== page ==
Acting Attorney General Sally Yates orders DOJ not to defend Trump's immigration ban

Acting Attorney General Sally Q. Yates, an appointee of former President Barack Obama who is serving as head of the Department of Justice until President Donald Trump's replacement is confirmed by the Senate, ordered DOJ employees on Monday not to defend Trump's entry bans on refugees and citizens of seven Muslim-majority nations.

In a letter to top DOJ lawyers, Yates wrote she disagreed with the DOJ's Office of Legal Counsel's vetting of the executive order and is "at present, I am not convinced that the defense of the executive order is consistent with [her] responsibilities nor am I convinced that the executive order is lawful."

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Protesters and lawyers welcome international travelers in airports amid immigration ban
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Protesters and lawyers welcome international travelers in airports amid immigration ban
A young girl dances with an American flag in baggage claim while women pray behind her during a protest against the travel ban imposed by U.S. President Donald Trump's executive order, at Dallas/Fort Worth International Airport in Dallas, Texas, U.S. January 29, 2017. REUTERS/Laura Buckman
People chant and hold signs as they protest against the travel ban imposed by U.S. President Donald Trump's executive order, at Dallas/Fort Worth International Airport International Arrivals gate in Dallas, Texas, U.S. January 29, 2017. REUTERS/Laura Buckman
An international traveler smiles as she walks past the protest against the travel ban imposed by U.S. President Donald Trump's executive order, at Dallas/Fort Worth International Airport in Dallas, Texas, U.S. January 29, 2017. REUTERS/Laura Buckman
Lawyers and legal assistants network and use social media in the baggage claim area, amid supplies of pizza, water and other food, at Dulles International Airport, aiding passengers who have arrived and encounter problems because of Donald Trump's travel ban to the United States, in Chantilly, Virginia, in suburban Washington, U.S., January 29, 2017. REUTERS/Mike Theiler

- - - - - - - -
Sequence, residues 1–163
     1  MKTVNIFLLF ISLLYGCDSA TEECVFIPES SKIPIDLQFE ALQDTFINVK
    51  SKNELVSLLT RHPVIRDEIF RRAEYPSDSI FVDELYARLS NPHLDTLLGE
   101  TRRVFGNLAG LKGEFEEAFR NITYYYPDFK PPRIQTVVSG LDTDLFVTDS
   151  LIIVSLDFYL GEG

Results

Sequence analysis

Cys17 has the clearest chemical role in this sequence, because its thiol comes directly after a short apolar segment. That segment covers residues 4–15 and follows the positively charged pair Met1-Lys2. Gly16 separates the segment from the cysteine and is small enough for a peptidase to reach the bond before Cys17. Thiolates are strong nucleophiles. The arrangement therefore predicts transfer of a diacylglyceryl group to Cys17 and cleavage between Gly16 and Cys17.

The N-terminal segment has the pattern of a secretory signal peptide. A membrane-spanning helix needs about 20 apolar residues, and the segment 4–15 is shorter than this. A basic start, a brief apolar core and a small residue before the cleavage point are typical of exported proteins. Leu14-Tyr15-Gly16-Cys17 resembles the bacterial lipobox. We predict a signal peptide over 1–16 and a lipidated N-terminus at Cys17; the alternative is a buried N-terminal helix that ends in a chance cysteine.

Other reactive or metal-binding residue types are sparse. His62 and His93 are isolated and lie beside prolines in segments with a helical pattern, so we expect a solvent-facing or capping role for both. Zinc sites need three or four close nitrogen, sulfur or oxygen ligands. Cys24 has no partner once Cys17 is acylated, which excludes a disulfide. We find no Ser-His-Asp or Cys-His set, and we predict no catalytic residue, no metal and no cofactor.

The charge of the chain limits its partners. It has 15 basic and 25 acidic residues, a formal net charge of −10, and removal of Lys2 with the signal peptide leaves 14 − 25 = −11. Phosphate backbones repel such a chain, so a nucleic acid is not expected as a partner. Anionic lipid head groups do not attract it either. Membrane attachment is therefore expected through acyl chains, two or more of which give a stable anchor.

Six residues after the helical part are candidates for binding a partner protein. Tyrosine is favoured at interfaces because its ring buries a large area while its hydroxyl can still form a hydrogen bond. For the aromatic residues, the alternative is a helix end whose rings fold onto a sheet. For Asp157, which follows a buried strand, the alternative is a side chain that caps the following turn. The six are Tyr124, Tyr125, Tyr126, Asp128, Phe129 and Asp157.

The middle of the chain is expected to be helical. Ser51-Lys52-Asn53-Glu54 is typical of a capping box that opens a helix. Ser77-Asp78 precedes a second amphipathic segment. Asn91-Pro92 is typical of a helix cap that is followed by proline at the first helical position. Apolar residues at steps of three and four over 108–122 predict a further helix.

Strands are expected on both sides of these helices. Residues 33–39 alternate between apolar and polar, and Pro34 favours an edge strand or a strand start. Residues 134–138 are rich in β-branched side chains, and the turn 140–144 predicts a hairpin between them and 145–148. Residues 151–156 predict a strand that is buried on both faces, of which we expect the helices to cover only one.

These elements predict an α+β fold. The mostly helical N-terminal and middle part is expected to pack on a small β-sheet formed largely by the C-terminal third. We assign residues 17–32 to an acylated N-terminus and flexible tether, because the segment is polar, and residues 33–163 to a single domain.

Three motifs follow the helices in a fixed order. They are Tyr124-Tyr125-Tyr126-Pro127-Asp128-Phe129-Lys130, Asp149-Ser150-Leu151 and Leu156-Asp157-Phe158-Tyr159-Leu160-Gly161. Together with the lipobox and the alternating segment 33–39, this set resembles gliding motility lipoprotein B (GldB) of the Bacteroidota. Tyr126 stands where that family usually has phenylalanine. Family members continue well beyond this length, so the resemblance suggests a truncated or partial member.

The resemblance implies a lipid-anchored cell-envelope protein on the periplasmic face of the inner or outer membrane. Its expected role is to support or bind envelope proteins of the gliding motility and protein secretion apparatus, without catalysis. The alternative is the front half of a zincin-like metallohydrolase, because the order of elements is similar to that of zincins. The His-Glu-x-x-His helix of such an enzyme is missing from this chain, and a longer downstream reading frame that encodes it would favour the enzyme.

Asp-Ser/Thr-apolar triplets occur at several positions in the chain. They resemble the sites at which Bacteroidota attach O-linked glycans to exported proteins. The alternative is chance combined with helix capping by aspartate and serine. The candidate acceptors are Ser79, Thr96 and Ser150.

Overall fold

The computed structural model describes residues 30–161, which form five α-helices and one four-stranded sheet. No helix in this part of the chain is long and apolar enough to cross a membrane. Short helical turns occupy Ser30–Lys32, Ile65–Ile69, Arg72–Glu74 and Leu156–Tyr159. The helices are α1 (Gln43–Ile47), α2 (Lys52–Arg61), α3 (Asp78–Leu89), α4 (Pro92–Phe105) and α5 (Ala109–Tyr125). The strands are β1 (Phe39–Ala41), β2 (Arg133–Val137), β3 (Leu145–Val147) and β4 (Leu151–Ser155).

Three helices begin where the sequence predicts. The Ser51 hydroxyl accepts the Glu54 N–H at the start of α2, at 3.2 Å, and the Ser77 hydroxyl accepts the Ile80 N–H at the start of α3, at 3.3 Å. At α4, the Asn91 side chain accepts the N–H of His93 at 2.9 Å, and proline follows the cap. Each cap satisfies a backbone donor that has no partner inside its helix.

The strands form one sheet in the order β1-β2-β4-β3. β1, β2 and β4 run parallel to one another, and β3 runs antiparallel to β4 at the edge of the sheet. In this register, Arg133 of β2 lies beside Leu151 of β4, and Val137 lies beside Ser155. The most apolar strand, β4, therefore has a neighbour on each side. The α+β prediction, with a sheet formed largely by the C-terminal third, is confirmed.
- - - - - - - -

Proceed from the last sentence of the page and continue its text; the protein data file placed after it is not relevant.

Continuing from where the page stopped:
Volunteer lawyers work in a dining area of Terminal 4 to assist travelers detained as part of Donald Trump's travel ban in Terminal 4 at John F. Kennedy International Airport in Queens, New York, U.S., January 29, 2017. REUTERS/Andrew Kelly
Lawyer Darryl Hairston works with a team of volunteer lawyers to arrange habeus corpus petitions for travelers detained as part of Donald Trump's travel ban in Terminal 4 at John F. Kennedy International Airport in Queens, New York, U.S., January 29, 2017. REUTERS/Andrew Kelly
Demonstrators yell slogans during anti-Donald Trump travel ban protests outside Hatfield-Jackson Atlanta International Airport in Atlanta, Georgia U.S., January 29, 2017. REUTERS/Chris Aluka Berry
Demonstrators sit inside LAX international terminal and yell slogans during protest against the travel ban imposed by U.S. President Donald Trump's executive order, at Los Angeles International Airport in Los Angeles, California, U.S., January 29, 2017. REUTERS/Ted Soqui
Demonstrators yell slogans during anti-Donald Trump travel ban protests outside Philadelphia International Airport in Philadelphia, Pennsylvania, U.S., January 29, 2017. REUTERS/Charles Mostoller
Women walk by a team of volunteer lawyers in their makeshift office working to assist travelers detained as part of Donald Trump's travel ban in Terminal 4 at John F. Kennedy International Airport in Queens, New York, U.S., January 29, 2017. REUTERS/Andrew Kelly
Demonstrators march and block traffic during anti-Donald Trump travel ban protests outside Philadelphia International Airport in Philadelphia, Pennsylvania, U.S., January 29, 2017. REUTERS/Charles Mostoller